Mitigating the visual impacts of cell towers in Sedona
In 2016, the City Council requested city staff update the existing wireless facilities ordinance and develop a Wireless Master Plan to guide the future development and construction of wireless infrastructure within the community. As demand continues to grow for better wireless connectivity, the Master Plan was intended to be a way to proactively plan for and mitigate the impacts of new cell phone towers and base stations. Preferred city owned sites would be identified in the plan and wireless companies would be given incentives to site there. As a landlord the city would have greater control over where these structures were built and what they look like, than if the wireless providers site on private properties they select, in locations that may be less desirable.
However, due to lack of community consensus about which sites would be appropriate for wireless facilities, the City Council decided not to pre-select any city-owned sites. Since pre-determining locations for future wireless facilities was the main purpose of the Master Plan, there will no longer be a need to have a Master Plan.
The city still updated its existing wireless ordinance to comply with federal regulations and with as many restrictions as legally allowed in an attempt to lessen the negative impacts of new wireless facilities.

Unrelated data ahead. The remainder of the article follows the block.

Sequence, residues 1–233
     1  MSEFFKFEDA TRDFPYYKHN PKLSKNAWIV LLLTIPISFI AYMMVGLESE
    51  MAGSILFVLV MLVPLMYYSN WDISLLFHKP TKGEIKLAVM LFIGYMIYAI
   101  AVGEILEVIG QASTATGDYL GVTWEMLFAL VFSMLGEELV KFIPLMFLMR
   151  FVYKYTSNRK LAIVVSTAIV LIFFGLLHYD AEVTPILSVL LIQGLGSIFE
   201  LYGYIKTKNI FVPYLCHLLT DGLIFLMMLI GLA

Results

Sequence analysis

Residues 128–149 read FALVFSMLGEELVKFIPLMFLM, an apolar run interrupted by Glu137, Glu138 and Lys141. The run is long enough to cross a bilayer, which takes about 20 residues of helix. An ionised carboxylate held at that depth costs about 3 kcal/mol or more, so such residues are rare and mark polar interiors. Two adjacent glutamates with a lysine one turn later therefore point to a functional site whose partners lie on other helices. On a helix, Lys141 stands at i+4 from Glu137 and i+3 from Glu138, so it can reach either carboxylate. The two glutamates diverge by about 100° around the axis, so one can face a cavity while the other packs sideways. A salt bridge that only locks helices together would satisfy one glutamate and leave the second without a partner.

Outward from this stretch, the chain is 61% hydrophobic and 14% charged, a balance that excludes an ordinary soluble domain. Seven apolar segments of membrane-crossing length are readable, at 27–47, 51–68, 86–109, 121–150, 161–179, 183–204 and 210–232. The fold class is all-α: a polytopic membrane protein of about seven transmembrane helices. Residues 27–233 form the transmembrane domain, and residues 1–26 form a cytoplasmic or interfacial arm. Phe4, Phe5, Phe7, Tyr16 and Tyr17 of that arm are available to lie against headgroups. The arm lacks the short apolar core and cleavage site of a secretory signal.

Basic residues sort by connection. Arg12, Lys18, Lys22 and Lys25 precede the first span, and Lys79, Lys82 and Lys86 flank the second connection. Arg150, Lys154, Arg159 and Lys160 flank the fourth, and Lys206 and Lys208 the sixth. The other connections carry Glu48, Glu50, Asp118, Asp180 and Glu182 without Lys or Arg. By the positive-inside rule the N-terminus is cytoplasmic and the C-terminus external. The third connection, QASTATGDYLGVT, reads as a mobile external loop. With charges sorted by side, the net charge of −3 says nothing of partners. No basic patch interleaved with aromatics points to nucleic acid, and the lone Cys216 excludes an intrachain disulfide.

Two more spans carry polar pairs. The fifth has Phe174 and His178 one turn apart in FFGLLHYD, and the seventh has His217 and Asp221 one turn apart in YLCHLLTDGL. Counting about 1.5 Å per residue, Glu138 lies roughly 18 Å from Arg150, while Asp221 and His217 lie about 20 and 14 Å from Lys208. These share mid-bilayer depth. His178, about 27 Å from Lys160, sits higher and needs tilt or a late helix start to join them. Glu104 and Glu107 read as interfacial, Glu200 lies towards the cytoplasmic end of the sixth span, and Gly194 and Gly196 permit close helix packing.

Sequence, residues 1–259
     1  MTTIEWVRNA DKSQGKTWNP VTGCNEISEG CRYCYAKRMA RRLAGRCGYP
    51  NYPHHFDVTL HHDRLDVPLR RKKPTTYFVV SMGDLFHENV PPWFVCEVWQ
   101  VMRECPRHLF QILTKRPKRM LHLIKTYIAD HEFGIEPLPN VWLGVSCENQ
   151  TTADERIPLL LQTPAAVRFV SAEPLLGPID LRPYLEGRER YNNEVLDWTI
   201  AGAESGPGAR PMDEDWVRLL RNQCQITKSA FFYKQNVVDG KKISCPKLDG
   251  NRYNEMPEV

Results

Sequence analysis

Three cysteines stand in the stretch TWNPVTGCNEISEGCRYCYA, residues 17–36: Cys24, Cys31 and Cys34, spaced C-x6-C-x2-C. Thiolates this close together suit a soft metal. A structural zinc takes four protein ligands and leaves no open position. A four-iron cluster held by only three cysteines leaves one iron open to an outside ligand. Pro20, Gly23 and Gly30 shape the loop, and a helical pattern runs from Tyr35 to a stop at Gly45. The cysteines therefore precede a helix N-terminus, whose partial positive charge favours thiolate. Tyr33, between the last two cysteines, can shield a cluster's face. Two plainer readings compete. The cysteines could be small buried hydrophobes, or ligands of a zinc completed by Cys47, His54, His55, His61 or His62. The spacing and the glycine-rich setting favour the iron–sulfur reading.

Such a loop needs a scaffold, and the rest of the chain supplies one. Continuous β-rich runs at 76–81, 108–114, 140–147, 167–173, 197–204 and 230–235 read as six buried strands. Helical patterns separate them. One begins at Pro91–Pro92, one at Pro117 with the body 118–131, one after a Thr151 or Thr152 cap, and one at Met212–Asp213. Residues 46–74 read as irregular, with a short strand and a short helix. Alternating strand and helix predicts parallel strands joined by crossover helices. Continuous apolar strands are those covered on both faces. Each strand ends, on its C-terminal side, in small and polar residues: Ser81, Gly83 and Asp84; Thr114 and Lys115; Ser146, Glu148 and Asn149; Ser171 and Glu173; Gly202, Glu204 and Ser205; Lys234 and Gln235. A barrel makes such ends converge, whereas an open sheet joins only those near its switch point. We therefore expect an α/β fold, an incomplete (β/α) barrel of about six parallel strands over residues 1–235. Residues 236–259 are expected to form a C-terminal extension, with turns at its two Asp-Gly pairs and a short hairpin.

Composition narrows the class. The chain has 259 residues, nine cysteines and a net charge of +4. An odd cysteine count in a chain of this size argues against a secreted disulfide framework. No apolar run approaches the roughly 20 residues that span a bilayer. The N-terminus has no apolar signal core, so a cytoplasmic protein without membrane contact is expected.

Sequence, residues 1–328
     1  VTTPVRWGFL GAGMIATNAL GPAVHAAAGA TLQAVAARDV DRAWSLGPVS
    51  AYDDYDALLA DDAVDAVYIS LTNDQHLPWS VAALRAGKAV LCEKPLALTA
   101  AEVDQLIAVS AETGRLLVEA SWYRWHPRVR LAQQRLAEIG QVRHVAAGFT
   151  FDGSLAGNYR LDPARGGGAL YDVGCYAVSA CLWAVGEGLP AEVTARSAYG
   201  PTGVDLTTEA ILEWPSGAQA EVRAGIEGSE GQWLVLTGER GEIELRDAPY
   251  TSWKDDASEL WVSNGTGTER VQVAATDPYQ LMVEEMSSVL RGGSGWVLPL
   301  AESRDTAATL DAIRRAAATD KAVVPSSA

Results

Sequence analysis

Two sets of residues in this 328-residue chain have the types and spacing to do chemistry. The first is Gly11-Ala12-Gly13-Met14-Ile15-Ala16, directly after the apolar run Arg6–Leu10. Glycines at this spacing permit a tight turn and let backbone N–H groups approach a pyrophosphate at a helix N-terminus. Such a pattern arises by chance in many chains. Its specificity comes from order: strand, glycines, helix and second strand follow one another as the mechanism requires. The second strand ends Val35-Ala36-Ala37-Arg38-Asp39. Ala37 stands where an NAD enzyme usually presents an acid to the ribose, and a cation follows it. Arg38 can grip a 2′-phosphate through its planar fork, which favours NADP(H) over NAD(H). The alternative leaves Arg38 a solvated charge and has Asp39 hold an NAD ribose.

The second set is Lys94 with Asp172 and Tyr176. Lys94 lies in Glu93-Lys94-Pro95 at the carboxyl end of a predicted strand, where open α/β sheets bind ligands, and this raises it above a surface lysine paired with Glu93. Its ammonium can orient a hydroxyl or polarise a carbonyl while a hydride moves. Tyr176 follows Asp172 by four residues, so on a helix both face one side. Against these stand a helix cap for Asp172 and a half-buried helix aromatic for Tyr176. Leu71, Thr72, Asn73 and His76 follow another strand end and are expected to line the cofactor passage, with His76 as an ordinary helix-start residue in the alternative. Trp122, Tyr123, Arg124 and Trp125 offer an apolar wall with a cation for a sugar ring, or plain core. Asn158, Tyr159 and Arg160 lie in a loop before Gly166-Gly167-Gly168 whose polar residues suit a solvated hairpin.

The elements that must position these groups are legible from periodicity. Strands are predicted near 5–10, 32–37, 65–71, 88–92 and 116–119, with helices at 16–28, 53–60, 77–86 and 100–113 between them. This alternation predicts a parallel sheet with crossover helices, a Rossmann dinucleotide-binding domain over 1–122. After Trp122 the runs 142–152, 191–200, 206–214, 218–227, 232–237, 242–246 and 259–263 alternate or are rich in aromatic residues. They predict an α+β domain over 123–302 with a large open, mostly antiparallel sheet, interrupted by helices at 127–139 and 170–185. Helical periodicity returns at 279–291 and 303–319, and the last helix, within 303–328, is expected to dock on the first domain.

State legislation and its effects
While the city was updating the ordinance, and developing the draft Master Plan, the Arizona state legislature passed House Bill 2365 giving the wireless industry the right to place wireless towers in city streets’ rights of way. Sedona’s rights of way are typically 50 feet wide and if 24 feet of that is street, that means 13 feet on either side of the street is fair game for wireless towers. Additionally, this bill makes it inexpensive (a comparably small fee) for a company to site a cell tower and requires the City to approve an application within 60-days with only an over the counter permit, and no public hearing or notification process.
This legislation, essentially saying that wireless is allowed to be sited in many areas for less money than they are paying to, for example lease from a private property owner, with a quick, over-the-counter permit, also made the incentives proposed in the Master Plan not as effective.
Though the new legislation largely prohibits the city’s ability to regulate wireless facilities in the rights of way, the wireless ordinance provides regulations for towers that site outside the rights of way. The wireless ordinance was approved by City Council on May 22, 2018.